Pope Benedict XVI called on Wednesday, May 13, for an independent state for the Palestinian people, hoping the long-running siege slapped on the impoverished Gaza Strip would come to an end soon.
"The Holy See supports the right of your people to a sovereign Palestinian homeland in the land of your forefathers, secure and at peace with its neighbors, within internationally recognized borders," he told a joint press conference with President Mahmoud Abbas.
"In particular I call on the international community to bring its influence to bear in favor of a solution."
The pontiff offered his condolences to the victims of Israel’s recent war on Gaza, which killed more than 1,400 Palestinians, mostly women and children.
"To those among you who mourn the loss of family members and loved ones in the hostilities, particularly the recent conflict in Gaza, I offer an assurance of deep compassion and frequent remembrance in prayer."
But he urged young Palestinians not to "allow the loss of life and the destruction that you have witnessed to arouse bitterness or resentment in your hearts."
"Have the courage to resist any temptation you may feel to resort to acts of violence or terrorism. Instead, let what you have experienced renew your determination to build peace."
Pope Benedict also called for lifting the long-running siege Israel has been clamping on the Gaza coastal enclave, home to some 1.6 million.
"Please be assured of my solidarity with you in the immense work of rebuilding which now lies ahead, and my prayers that the embargo will soon be lifted."
Israel, backed by the US, has been closing the Gaza Strip’s exits to the outside world since Hamas took control of the territory in June 2007.
It has completely locked down the area since January, banning food and fuel shipment supplies.
Gaza Christians have regretted that the pope did not visit their bombed-out territory during his eight-day visit to the Holy Land.
"We would have liked him to come to Gaza to see how we live, the situation that we are in," Nevinne, 38, one of 100 Christians that Israel allowed to leave Gaza for the visit, told Agence France-Presse (AFP).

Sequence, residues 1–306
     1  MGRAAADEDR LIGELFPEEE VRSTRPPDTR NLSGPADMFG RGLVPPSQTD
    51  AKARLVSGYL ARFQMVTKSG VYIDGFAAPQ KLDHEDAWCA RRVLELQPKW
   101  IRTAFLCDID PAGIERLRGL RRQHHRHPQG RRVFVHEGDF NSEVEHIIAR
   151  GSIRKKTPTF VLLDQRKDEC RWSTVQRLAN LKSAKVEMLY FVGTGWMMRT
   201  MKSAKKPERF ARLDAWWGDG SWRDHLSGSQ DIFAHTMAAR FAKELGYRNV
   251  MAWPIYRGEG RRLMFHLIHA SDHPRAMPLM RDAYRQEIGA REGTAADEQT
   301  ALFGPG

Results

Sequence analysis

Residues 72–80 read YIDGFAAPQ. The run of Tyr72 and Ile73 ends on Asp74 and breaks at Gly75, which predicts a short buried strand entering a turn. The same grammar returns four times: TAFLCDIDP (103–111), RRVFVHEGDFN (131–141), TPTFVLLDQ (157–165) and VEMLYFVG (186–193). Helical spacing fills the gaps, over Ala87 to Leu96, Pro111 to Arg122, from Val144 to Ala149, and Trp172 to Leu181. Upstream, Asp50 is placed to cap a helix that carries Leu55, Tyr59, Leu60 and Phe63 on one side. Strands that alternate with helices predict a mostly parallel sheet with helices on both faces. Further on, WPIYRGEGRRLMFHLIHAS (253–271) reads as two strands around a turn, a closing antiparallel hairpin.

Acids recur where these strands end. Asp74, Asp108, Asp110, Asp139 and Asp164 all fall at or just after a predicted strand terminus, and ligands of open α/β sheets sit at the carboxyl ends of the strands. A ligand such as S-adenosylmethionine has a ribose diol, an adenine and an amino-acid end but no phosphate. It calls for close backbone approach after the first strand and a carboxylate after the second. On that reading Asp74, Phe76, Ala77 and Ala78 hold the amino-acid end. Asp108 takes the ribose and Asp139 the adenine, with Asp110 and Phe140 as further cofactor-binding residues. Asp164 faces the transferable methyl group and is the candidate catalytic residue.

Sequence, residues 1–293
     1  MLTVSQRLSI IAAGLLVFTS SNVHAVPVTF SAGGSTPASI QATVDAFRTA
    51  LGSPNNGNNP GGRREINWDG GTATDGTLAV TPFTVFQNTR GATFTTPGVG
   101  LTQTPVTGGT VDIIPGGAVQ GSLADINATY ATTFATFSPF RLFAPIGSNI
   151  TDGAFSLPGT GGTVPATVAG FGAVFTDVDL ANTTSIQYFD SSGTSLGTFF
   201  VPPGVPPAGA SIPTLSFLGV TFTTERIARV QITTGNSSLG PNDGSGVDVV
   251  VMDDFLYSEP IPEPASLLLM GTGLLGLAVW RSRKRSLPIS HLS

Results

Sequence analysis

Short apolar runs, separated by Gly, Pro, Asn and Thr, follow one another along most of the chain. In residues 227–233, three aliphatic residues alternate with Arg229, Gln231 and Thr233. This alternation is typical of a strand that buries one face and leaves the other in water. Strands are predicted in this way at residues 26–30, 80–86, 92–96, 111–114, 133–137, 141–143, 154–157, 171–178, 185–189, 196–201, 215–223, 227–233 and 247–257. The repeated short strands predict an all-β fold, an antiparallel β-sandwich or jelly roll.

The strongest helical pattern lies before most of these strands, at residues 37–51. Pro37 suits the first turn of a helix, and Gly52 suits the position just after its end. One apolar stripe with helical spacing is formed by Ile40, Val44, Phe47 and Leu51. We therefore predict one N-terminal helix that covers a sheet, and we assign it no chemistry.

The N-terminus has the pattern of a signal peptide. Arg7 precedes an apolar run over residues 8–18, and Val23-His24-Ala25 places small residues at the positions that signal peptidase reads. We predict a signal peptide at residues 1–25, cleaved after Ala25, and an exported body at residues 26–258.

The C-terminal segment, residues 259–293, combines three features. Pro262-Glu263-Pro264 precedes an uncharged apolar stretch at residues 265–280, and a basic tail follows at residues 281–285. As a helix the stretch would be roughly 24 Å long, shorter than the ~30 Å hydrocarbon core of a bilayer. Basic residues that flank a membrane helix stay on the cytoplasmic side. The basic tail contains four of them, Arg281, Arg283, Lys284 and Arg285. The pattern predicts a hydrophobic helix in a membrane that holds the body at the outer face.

"We are living under a blockade."
Pope Benedict, 82, became an eyewitness to a symbol of Palestinians daily suffering; the Israeli separation wall.
He had to travel to Bethlehem through an imposing checkpoint in Israel’s controversial eight-meter-high steel and concrete wall.
When he later drove to the impoverished Aida Palestinian refugee camp in his white popemobile, the pope had a second experience with the apartheid barrier.
"Towering over us…is a stark reminder of the stalemate that relations between Israelis and Palestinians seem to have reached — the wall," said the pope standing in the shadow of the separation barrier.
"In a world where more and more borders are being opened up — to trade, to travel, to movement of peoples, to cultural exchanges — it is tragic to see walls still being erected," he added,
"How earnestly we pray for an end to the hostilities that have caused this wall to be built."
The steel and concrete wall is snaking some 900 kilometers along the occupied West Bank, leaving larger swathes of it on the Israeli side.
It leaves many Palestinian families cut off and deprived of their livelihoods.
The International Court of Justice (ICJ) has issued a landmark ruling branding the wall as illegal and asking Israel to compensate affected Palestinians.
President Abbas used his joint appearance with the Vatican pope to criticize the Israeli occupation and its severe restrictions on his people.
"In this holy land there are those who continue to build separation walls instead of bridges and seek by the forces of the occupation to compel Muslims and Christians to leave the country."
He urged the leader of the world’s 1.1 billion Catholics to help the suffocating Bethlehem, the traditional birthplace of Jesus Christ.
"Your holiness is fully aware of the situation in Al-Quds which is surrounded by an apartheid wall which forbids our people in the West Bank from reaching the Church of the Holy Sepulchre and the Al-Aqsa Mosque," he said.
"All kinds of aggression, tyranny and land expropriation are being exercised against all Arab citizens, Muslims and Christians."
Standing beside Pope Benedict in the shadow of the West Bank separation barrier, Abbas urged Israel to embrace peace.
"In front of your holiness I address a message of peace to our Israeli neighbors.
"And I call upon them to renounce occupation, settlements, arrests, and humiliations," he said.
"Their security can only be attained through peace and their acceptance in this region will only be attained through peace.
"Peace means prosperity and coexistence for all the people in this region."
(IslamOnline.net and Agencies)